It has taken almost 80 years for the Augusta National Golf Club to admit women to its exclusive club in Augusta, Ga. The club was built on the site of a plantation, and it opened in 1933, and since 1934 has been host to the Masters Tournament, which is one of the most prestigious golf tournaments in the United States.
Today it announced it would admit former U.S. Secretary of Stateand Darla Moore of Lake City, S.C.. The club’s exclusive policies have drawn criticism over the years in its refusal of admit black members until 1990 when a a controversy requiring all caddies to be African American brought the issue to national attention. This did not affect its refusal to allow women to join, until today. The club has defended their membership policies saying they are a private organization.
It was the top-ranked course in Golf Digest's 2009 list of America’s 100 greatest courses and is currently the No. 10 ranked course on Golfweek Magazine's 2011 list of best classic courses in the United States, in terms of course architecture.
Today’s announcement is a complete turnabout for the club and was welcomed by the new female members.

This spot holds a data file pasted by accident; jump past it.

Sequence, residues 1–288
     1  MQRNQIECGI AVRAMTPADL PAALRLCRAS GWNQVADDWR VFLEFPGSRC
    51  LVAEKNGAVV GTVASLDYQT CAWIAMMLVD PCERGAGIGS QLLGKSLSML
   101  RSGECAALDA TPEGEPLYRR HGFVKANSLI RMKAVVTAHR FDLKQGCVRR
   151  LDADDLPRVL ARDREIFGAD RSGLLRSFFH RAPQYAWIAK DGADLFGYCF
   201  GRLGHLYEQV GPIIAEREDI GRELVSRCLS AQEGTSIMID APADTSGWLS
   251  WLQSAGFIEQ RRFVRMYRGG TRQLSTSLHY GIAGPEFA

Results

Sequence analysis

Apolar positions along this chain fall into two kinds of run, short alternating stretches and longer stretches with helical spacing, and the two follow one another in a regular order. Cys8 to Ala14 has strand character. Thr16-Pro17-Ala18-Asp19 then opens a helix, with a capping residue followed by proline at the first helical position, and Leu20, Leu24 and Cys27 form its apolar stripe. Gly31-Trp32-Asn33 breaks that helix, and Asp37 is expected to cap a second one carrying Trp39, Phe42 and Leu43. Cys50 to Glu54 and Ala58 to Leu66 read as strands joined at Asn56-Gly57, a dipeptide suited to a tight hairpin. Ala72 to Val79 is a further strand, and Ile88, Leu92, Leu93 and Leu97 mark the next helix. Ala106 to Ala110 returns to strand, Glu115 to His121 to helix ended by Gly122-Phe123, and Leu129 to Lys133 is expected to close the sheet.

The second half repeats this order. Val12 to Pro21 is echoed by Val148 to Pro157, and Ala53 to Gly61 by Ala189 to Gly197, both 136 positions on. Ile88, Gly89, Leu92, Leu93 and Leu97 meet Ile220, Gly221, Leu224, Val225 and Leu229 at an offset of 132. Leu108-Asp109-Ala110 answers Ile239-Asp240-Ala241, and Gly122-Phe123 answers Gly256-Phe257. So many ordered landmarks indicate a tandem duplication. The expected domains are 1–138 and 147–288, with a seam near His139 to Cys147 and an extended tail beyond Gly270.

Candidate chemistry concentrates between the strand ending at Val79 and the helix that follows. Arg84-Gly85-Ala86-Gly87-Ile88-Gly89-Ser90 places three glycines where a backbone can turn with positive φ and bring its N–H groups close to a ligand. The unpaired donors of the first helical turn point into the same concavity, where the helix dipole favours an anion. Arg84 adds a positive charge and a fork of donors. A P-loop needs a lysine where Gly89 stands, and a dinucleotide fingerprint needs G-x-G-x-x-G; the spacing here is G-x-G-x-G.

"This is a joyous occasion as we enthusiastically welcome Secretary Condoleezza Rice and Darla Moore as members of Augusta National Golf Club," Billy Payne, chairman of Augusta National Golf Club and the Masters Tournament, said in a statement in CNN. "We are fortunate to consider many qualified candidates for membership at Augusta National. Consideration with regard to any candidate is deliberate, held in strict confidence and always takes place over an extended period of time. The process for Condoleezza and Darla was no different."
Rice is not a stranger to being “first,” as she served under Presidentas the first female national security adviser and the first African-American woman to hold the post of secretary of state. She also served on President George H.W. Bush's National Security Council staff and was a special assistant to the director of the Joint Chiefs of Staff in 1986.